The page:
As for me, Shinran, I have never said the nembutsu even once for the repose of my departed father and mother. For all sentient beings, without exception, have been our parents and brothers and sisters in the course of countless lives in the many states of existence. On attaining Buddhahood after this present life, we can save every one of them.
Were saying the nembutsu indeed a good act in which I strove through my own powers, then I might direct the merit thus gained towards saving my father and mother. But this is not the case.
If, however, simply abandoning self-power, we quickly attain enlightenment in the Pure Land, we will be able to save, by means of transcendent powers, first those with whom we have close karmic relations, whatever karmic suffering they may have sunk to in the six realms through the four modes of birth. (A Record in Lament of Divergences, 5; CWS, p. 664)
We now come to the fifth chapter of A Record in Lament of Divergences. The author, Yuien, again quotes a comment that Shinran Shonin had made to him. No doubt he was with other fellow nembutsu followers who also heard Shinran speak.
Shinran drew on the teachings of Shakyamuni Buddha and the Pure Land masters to demonstrate how one attains Buddhahood upon birth in the Pure Land at the end of our lives. His teaching has been lived and experienced by millions of people, and still thrives in the world today.
At the heart of Shinran’s teaching is the Name – Namo Amida Butsu – which is the form taken by Amida Buddha to reach into our hearts, endow us with his virtue, awakening shinjin, the entrusting heart. At that time we enter the stage of the truly settled and are saved from birth-and-death.
The Name of Amida Buddha is a living thing. It is nembutsu. It is not a magical formula or a talisman. Even though many people believe that we can change the destiny of loved ones who have died, it is not so. Each of us bears full responsibility for our own destiny.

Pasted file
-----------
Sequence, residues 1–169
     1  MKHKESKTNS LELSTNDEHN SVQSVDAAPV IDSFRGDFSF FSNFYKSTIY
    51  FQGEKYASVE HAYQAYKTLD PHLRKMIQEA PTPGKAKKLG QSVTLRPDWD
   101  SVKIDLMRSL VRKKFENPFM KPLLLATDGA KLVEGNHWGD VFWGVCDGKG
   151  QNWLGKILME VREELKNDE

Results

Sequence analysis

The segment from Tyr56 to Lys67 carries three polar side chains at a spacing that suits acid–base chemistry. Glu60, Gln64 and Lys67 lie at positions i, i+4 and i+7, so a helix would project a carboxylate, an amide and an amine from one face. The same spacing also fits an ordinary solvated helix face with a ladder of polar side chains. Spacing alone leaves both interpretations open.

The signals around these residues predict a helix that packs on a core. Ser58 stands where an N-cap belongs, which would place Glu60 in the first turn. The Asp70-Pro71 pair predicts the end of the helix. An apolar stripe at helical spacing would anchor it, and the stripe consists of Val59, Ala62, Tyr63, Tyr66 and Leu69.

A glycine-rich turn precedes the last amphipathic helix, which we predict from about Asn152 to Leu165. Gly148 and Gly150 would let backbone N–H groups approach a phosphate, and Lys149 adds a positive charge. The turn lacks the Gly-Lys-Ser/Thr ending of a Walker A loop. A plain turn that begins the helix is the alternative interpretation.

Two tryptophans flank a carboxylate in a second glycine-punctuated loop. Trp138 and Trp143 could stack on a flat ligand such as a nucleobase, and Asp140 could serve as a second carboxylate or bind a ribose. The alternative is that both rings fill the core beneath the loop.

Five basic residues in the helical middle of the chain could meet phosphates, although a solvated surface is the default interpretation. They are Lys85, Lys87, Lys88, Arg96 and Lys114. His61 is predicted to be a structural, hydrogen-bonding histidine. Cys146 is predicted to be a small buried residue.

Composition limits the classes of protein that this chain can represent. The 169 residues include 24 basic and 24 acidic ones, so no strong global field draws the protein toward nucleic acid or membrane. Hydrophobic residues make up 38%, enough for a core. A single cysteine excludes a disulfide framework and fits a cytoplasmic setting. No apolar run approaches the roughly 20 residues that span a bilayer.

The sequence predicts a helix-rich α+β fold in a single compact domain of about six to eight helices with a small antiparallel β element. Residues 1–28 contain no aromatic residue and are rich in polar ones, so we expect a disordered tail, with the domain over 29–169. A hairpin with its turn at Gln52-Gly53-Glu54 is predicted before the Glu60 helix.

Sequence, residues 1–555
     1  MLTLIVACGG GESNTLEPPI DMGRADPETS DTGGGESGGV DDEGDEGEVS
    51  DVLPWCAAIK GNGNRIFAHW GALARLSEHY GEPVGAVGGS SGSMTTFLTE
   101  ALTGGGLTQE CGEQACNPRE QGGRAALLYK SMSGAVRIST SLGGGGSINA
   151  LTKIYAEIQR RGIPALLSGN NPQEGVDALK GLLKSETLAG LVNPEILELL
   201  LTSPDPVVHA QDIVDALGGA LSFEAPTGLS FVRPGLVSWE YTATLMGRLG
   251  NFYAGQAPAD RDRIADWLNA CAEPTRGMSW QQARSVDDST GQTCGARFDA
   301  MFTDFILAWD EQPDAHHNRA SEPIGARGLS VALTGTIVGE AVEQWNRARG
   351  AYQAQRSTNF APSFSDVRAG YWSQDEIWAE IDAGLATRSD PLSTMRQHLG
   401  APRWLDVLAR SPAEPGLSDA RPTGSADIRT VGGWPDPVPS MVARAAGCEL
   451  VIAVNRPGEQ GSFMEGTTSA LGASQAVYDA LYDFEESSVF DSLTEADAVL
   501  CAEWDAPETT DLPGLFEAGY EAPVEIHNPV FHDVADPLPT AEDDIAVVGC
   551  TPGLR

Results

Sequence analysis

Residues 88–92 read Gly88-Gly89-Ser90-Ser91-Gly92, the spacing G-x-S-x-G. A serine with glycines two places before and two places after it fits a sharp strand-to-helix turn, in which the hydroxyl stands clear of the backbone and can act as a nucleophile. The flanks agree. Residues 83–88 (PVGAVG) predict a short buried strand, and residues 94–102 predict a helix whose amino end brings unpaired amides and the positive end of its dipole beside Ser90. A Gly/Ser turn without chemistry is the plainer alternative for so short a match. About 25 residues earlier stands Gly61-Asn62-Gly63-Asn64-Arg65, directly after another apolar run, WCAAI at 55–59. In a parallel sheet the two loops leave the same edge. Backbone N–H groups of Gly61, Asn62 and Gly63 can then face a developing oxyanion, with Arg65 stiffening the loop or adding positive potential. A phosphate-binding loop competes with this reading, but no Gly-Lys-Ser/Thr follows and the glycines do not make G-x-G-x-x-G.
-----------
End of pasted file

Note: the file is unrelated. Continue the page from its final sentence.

As his parinirvana was approaching, Shakyamuni Buddha said,
Therefore in this world you should be islands unto yourselves, your own refuge, depending on no one else, with the Dharma as an island and the Dharma as a refuge, depending on nothing else.
When we hear the Dharma, we alone must choose to hear and accept it.
The Dharma that we follow is the Primal Vow of Amida Buddha, the Name. We can only make the choice to accept it ourselves. No one else can make that choice for us. Having done so, when we are born in the Pure Land and become Buddhas, of course, we can teach others, including those we have loved and lost.
Not only that, but the interconnectedness of all things means that all beings have been our parents through endless aeons. We can teach the Dharma to them too, and lead them to the Pure Land. Having become one with Amida Buddha we can endow them with the Name that we have received. Indeed, in the fullness of time, all beings will return to the Pure Land, whatever their present path may be.
It all comes back to the Name and the light of Amida Buddha. These are our true and ultimate parents.
Truly we know that without the virtuous Name, our compassionate father, we would lack the direct cause for birth. Without the light, our compassionate mother, we would stand apart from the indirect cause of birth. Although direct and indirect causes may come together, if the karmic-consciousness of shinjin is lacking, one will not reach the land of light. The karmic-consciousness of true and real shinjin is the inner cause. The Name and light – our father and mother – are the outer cause. When the inner and outer causes merge, one realizes the true body in the fulfilled land. Therefore master [Shan-tao] states:
[Amida] takes in and saves all beings throughout the ten quarters with light and Name; [Amida] brings sentient beings to realize shinjin and aspire for birth.
Further, [Fa-chao] states:
Attainment of Buddhahood through the nembutsu: this is the true essence of the Pure Land way. (CWS, p. 54)